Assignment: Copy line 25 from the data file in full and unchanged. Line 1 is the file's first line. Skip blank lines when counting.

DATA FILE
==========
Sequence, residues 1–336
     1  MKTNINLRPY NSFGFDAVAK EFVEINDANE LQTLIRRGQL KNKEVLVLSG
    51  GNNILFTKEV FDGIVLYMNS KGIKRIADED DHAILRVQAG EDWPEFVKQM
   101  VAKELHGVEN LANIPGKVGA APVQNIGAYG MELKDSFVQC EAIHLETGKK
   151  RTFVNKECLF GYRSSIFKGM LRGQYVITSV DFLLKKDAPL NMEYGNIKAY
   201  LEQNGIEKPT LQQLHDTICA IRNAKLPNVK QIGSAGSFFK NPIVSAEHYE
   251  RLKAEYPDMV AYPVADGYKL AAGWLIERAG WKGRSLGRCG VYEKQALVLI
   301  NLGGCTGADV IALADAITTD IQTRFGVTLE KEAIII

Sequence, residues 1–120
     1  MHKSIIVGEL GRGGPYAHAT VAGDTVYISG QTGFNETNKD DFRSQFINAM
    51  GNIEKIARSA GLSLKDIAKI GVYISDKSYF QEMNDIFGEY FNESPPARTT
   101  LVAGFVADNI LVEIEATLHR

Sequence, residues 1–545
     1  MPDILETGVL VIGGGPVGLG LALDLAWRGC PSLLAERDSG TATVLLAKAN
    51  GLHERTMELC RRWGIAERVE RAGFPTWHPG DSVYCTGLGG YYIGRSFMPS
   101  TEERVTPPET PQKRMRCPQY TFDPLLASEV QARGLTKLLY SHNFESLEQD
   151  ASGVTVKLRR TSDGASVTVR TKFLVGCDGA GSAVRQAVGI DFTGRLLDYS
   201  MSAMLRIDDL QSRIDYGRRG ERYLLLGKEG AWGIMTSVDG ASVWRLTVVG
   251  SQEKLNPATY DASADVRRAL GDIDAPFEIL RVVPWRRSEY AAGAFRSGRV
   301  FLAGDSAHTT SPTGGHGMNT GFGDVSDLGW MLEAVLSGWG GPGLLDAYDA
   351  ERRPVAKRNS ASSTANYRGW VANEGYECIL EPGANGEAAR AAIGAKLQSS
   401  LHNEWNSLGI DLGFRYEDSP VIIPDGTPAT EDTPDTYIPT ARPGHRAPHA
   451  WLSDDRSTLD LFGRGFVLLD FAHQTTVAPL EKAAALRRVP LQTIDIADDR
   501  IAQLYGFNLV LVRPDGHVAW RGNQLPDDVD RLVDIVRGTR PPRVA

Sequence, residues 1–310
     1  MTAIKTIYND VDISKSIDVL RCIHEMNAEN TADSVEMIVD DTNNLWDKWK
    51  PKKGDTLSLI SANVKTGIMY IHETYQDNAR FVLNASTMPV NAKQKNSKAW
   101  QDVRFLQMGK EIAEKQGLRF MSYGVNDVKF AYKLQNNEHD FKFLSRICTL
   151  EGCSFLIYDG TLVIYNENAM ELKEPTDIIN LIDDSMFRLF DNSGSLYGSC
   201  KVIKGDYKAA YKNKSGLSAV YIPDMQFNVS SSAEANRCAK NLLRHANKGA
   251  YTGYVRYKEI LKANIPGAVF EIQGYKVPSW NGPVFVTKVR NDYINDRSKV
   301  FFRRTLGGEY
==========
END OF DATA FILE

Sequence, residues 1–310